I don’t pretend to be anything resembling an expert on PEDs and testing and regimens and protocol. Victor Conte, who runs a supplement company and advises a bunch of athletes, is; he’s been on the dark side, as a peddler, and now, he maintains, he’s seen the light and wants a clean sport, and clean athletes doing their thing on even playing fields. He is a proponent for how VADA does testing and has been quite public about not caring for the USADA way. No surprise, he took aim at USADA after learning of this development in the Hauser story. “In my opinion, the request for a retroactive TUE (Therapeutic Use Exemption) clause by the Mayweather camp was suspicious and should never have been granted by USADA,” Conte told me. “Plain and simple. The fight took place under the jurisdiction of NSAC, not USADA. The fact that USADA did not inform the NSAC of the Pacquiao injury presents serious questions” about their ties to Mayweather, he continued. Conflicts of interest can pop up, he told me, if a testing agency is being paid by one of the athletes, or by one of their cohorts. “USADA’s primary role in boxing is to serve as an independent entity and protect the health and safety of the two fighters,” he continued, and it is clear he isn’t of a mind that their independence is unquestioned.
My take: This issue is a sticky one, a controversial one, and one that is mutating. Boxing, but of course, is a sport unlike any other. It shares, with MMA, the status of being a one on one endeavor, which makes testing and subsequent potential issues of punishment, which could include cancellation of an event which has been in the planning stages for many, many months. People find it hard to fathom the possibility that the May 2 Mayweather-Pacquiao bout could have been cancelled, for whatever reason, at the 11th hour. Certainly, the discussion following the disclosure that Manny Pacquiao came in with a bad shoulder attests to that; “what did you want him to do, risk being called a wimp if he pulled out?” many folks said. Never mind the immense expense that has already been outlaid and the procedural nightmares which would ensue if refunding had to be performed, for the tickets to attend, the hotels, the airlines, etc. We do understand the “show must go on mentality.” But if that is the prevailing mindset from all parties involved, and to that end, a positive test for a PED couldn’t possibly result in the cancellation of an event, then what sort of teeth, so to speak, does the testing process really possess? If language is going to exist which would conceivably nullify any positive test, and allow an offending substance to be rendered acceptable through an exemption, shouldn’t that construct be made public? Don’t all parties involved, the fighters, the organizers, the fans, deserve that, at minumum? We need more transparency, more uniformity, if the testing procedures and post-positive protocol can be agreed upon and applied uniformly.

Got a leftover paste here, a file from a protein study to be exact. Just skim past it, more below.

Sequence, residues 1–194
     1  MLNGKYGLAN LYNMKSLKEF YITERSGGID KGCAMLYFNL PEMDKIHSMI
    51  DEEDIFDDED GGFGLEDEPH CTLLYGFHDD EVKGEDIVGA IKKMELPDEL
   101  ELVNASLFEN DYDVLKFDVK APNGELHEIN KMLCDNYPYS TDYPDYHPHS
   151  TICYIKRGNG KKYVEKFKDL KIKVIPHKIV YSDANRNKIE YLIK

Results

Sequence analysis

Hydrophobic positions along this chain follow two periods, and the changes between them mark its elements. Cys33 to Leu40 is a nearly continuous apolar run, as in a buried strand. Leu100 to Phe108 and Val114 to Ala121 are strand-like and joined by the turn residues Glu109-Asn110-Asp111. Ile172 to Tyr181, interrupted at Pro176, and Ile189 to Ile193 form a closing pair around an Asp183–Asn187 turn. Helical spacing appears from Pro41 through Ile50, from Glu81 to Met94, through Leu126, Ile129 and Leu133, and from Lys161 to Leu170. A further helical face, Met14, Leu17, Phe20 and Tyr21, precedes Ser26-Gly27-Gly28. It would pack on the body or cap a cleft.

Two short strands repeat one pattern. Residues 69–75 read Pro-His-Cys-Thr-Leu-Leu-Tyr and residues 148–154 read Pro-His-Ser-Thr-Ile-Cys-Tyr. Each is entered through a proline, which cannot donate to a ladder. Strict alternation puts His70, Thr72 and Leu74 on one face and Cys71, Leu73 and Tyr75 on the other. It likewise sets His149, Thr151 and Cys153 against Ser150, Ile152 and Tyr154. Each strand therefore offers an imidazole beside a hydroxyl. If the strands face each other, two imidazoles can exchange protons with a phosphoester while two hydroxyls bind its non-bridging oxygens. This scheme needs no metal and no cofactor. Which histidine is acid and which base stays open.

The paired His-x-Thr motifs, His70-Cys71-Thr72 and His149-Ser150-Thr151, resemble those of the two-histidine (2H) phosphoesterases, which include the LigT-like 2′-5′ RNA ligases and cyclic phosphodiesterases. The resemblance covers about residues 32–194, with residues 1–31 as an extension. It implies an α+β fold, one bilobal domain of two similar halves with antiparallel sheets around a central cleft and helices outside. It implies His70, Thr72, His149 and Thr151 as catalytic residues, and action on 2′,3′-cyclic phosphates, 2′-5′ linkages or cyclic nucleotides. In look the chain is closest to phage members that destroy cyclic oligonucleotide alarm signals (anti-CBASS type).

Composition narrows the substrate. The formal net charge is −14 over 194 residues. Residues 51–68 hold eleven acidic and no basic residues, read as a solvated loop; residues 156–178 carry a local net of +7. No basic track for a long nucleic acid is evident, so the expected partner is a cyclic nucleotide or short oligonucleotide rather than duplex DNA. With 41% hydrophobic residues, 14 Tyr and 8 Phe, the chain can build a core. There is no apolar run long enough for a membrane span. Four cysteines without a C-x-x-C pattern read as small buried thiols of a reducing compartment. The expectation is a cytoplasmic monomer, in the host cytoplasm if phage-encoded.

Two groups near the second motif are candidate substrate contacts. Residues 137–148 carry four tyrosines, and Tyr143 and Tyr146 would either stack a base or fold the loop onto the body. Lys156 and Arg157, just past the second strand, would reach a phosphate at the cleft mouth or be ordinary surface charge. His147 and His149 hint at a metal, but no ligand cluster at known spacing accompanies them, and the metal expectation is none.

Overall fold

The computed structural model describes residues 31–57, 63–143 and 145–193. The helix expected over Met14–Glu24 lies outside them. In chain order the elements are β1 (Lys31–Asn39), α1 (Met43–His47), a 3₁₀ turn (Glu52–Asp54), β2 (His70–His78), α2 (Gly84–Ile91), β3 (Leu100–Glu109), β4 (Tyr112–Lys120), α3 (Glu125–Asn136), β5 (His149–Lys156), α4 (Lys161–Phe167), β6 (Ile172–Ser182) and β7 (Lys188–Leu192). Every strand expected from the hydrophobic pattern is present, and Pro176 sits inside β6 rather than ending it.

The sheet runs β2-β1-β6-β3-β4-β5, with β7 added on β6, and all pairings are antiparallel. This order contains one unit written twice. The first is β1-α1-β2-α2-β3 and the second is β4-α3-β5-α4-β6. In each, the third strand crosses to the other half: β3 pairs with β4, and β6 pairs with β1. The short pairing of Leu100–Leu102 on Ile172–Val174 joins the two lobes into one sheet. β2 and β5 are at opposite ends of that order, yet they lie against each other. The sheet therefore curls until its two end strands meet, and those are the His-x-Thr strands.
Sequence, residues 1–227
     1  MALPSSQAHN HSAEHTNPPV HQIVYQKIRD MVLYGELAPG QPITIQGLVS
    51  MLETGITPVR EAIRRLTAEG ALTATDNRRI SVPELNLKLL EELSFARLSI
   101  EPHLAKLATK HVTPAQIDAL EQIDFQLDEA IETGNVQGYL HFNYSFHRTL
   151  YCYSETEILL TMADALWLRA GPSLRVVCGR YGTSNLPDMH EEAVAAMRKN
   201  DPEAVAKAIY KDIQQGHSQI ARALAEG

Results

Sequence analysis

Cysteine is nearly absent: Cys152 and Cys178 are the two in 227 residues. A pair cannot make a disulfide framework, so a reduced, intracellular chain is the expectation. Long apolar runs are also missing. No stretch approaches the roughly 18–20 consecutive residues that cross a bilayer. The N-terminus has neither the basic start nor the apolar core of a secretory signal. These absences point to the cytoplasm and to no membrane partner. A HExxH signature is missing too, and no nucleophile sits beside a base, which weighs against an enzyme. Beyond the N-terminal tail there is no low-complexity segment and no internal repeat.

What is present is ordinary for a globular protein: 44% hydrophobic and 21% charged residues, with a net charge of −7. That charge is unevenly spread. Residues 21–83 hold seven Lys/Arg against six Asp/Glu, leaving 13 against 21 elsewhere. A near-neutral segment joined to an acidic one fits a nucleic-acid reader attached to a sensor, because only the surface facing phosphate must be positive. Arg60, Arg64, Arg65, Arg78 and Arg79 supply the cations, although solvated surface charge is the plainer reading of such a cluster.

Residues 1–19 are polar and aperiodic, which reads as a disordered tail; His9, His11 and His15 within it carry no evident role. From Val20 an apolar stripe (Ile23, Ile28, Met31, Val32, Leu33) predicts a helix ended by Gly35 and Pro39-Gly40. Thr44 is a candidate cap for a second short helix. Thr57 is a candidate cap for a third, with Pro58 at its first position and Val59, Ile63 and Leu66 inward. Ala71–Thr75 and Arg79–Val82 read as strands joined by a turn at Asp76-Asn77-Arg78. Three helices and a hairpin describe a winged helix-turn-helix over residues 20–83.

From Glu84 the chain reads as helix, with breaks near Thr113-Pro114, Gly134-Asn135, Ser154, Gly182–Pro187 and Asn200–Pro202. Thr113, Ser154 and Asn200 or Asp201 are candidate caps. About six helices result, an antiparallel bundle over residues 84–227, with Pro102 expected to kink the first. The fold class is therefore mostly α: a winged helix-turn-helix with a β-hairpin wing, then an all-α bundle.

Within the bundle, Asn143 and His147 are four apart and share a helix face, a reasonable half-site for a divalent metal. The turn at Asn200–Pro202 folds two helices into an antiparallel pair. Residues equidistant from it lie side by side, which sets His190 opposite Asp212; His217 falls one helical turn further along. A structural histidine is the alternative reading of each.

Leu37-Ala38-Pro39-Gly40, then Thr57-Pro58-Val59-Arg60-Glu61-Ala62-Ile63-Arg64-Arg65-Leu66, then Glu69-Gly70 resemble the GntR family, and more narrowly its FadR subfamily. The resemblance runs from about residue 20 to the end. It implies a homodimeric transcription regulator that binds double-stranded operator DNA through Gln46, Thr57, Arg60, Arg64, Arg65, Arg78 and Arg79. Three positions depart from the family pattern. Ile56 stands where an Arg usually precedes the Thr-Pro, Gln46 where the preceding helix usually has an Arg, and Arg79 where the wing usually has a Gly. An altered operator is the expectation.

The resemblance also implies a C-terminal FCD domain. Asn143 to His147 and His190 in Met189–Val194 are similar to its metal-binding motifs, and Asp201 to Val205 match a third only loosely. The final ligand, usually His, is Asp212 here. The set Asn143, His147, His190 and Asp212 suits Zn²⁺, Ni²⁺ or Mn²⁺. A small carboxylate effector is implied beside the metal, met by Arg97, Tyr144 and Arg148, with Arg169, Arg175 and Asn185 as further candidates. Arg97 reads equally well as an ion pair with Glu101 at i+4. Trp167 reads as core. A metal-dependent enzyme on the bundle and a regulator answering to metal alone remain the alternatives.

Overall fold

Wording is important, and phrases like retroactive therapeutic use exemption don’t do well in passing the smell test, if you’re not a lawyer, whose reason for vocational being maybe rests on such wordsmithery and loopholery. That fight was a let-down, beyond monies being made by a select few; what say some greater good comes from it, and better PED testing policies, free from iffy such language, are the norm when the next “super fight” comes around.